Thursday, we went to the Mswakini Juu community to interview some local Maasai people about human-wildlife conflicts. It was actually a really fun and interesting survey. Our guide's name was Stanley. He translated for us and was super cool too! Only thing that was not so pleasant was walking a few hours from where we were supposed to meet at the end of our interviews. We ended up walking further and waiting on the main road for the group. We still had a good time though and a pretty excellent survey group too! The tribe people that we surveyed often said "Karibu tena!" which means "welcome again" in Swahili. We were all exhausted after this day, of course! I also found Tribulus terrestris--goatheads in my shoes. They haunt me! They are all over New Mexico, where I spent my summer working. Now, I find them here!
Friday, we had one class of Wildlife Ecology in the morning and then prepped for our expedition to Tarangire National Park beginning Saturday. We were scheduled to leave by 7:30 AM on Saturday!
Saturday, we started with elephant observations. Our assignment for the morning was to observe 6 groups of elephants and note stress and behavior of all elephants we came across. It was an amazing experience having the chance to observe elephants in the wild (again) and observing them was honestly a touching experience. In Tarangire National Park, there are about 3,000 elephants, which is a little over 1 elephant per 1 km2 in the park. We finished around 12:30 and went to a picnic area in the park for lunch. Here, there were a bunch of crazy vervet monkeys. While, standing at a large picnic table, I watched a monkey run over to our table, jump on the table, grab a package of cookies (still wrapped in plastic) and take off. Then, 5 minutes later, we looked at one of our SFS vehicles and there was a monkey sitting in the passenger seat eating someone's food. I admit, I thought it was hilarious. Someone left the window and roof open in the Land Cruiser. When someone walked over to scare the monkey away, it jumped out of the roof carrying Pringles in its hands. Haha! It stole half of someone's Pringles and happened to be eating the driver's orange in the front seat. It was hilarious, but also kind of sad because the reason these monkeys act this way is due to people feeding them, and they expect people to feed them. After we ate lunch, we went on a game drive with our professor (Christian). We saw quite a few eland in the park, which is rare to see. We saw a bunch of zebras and wildebeest. This was the first time I had noticed in three different groups that there was one lone wildebeest hanging out with a group of zebra. I also saw one zebra hanging with a wildebeest herd, which was interesting. Zebras and wildebeest are often seen together, because zebras will feed on taller, harder grasses and wildebeests prefer shorter, softer grasses. It is beneficial for wildebeest to follow zebra herds, because zebras in a way, "prepare grasses" for other species such as wildebeest. We saw other species such as warthogs, giraffes, banded mongoose, and more! I even saw my first 'big' carnivores-- a black-backed jackal, three sub-adult male lions, and a leopard!! It was a great day! I couldn't believe we saw a leopard! This is the animal that I had most wanted to see during my time in Africa. My favorite African animal. It was beautiful. I got very lucky! The leopard was hanging out in a tree (surprisingly close to the lions we saw first) about 400 meters from the road. I was surprised how little leopards are. Before we left, it climbed up higher in the tree. I am extremely happy with this sighting! I even got some pictures!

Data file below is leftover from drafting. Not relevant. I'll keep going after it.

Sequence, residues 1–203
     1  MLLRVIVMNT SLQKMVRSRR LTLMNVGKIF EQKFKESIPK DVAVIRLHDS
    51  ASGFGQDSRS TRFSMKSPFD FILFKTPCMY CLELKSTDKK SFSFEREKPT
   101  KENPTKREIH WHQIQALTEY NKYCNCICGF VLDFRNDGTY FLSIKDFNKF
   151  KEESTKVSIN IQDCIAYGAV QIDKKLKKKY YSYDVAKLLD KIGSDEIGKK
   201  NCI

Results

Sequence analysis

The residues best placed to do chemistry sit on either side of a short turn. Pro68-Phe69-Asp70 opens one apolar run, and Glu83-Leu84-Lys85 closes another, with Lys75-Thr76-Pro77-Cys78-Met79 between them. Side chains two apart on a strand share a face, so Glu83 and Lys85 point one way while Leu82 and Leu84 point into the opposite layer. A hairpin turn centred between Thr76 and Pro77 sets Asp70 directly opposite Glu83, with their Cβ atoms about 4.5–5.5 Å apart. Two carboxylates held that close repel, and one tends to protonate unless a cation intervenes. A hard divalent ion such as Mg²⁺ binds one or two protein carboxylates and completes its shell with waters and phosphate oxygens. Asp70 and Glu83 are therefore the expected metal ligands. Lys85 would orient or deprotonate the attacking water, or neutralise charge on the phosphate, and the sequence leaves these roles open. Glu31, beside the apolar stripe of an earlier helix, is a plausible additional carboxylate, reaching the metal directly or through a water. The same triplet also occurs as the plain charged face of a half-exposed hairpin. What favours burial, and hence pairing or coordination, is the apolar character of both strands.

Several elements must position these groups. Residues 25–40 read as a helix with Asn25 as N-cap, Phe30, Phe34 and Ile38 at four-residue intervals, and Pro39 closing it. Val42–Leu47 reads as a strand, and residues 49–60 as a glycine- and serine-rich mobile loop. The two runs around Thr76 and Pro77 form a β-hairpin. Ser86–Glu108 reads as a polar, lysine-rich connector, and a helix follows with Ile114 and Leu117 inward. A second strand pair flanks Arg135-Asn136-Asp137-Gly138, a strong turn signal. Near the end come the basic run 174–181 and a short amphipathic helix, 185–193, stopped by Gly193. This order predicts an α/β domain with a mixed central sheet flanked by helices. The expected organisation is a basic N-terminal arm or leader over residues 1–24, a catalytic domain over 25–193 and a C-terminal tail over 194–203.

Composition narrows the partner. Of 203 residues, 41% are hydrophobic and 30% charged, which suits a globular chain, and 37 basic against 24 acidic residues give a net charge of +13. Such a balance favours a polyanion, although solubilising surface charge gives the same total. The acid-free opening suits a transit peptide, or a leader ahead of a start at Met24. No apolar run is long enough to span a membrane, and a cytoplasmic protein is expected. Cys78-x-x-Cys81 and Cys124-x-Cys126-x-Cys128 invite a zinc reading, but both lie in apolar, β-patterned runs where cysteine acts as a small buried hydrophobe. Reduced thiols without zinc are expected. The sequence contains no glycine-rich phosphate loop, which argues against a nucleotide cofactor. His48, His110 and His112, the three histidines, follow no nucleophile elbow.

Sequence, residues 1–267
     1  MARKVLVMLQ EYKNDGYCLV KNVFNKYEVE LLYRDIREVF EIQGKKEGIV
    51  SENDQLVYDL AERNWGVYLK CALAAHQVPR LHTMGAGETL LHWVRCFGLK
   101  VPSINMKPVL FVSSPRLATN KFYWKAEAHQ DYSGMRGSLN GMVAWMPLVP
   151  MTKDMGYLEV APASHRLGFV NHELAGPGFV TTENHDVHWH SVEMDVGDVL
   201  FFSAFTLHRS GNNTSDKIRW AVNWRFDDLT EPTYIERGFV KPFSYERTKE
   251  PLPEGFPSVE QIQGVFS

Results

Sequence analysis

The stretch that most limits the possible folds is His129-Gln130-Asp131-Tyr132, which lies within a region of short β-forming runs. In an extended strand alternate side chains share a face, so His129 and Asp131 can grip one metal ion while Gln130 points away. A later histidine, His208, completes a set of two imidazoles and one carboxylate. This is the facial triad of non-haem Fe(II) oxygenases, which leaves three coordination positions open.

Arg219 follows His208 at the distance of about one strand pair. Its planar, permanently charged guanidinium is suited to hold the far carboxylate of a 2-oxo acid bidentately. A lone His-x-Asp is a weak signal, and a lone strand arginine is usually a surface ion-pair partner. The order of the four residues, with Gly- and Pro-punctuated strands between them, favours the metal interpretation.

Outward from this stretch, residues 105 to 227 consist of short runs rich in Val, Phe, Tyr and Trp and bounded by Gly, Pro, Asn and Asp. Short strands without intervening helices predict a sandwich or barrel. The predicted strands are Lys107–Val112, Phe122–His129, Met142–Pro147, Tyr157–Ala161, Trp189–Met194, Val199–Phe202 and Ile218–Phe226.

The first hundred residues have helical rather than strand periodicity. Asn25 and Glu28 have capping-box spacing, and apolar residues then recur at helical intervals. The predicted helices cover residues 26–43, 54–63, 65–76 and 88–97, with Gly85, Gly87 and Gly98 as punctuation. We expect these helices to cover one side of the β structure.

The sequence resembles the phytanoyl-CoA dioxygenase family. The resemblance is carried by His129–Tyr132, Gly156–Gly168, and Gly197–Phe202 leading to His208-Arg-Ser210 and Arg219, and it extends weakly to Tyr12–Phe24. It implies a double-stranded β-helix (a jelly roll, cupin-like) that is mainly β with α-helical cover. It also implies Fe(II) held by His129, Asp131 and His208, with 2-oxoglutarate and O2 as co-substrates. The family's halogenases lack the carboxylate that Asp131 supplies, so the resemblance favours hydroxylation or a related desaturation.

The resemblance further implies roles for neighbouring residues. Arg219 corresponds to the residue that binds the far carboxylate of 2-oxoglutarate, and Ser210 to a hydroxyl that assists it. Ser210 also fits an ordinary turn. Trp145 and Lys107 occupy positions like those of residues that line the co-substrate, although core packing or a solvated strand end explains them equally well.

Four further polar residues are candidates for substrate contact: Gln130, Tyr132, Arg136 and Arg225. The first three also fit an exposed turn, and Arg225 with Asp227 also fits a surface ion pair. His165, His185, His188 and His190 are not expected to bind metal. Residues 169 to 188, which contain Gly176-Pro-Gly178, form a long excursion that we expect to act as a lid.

Sunday, we did our first animal count in the park. My car got to venture up on top of a mountain in the park, which was awesome. We got a great view of the park, but were unfortunately attacked by tsetse flies a lot in the park on this animal count. Tsetse flies are flies that suck blood, and cause sleeping sickness, especially to livestock. We counted animals from the size of a mongoose (egyptian, banded, dwarf) to as big as an elephant, and one bird--the ostrich. After our animal count, we drove to Tarangire Safari Lodge, which is in the park. Here, I took pictures of the wildlife at the lodge and at the overlook, and then went swimming in the lodge pool. In the evening, we went for a game drive. We saw zebras, one lion, wildebeest, cape buffalo, elephants, ostriches, and even drove a road where one side was the park and the other side, cattle were grazing. Goes to show that there isn't much of a barrier between national parks and human life.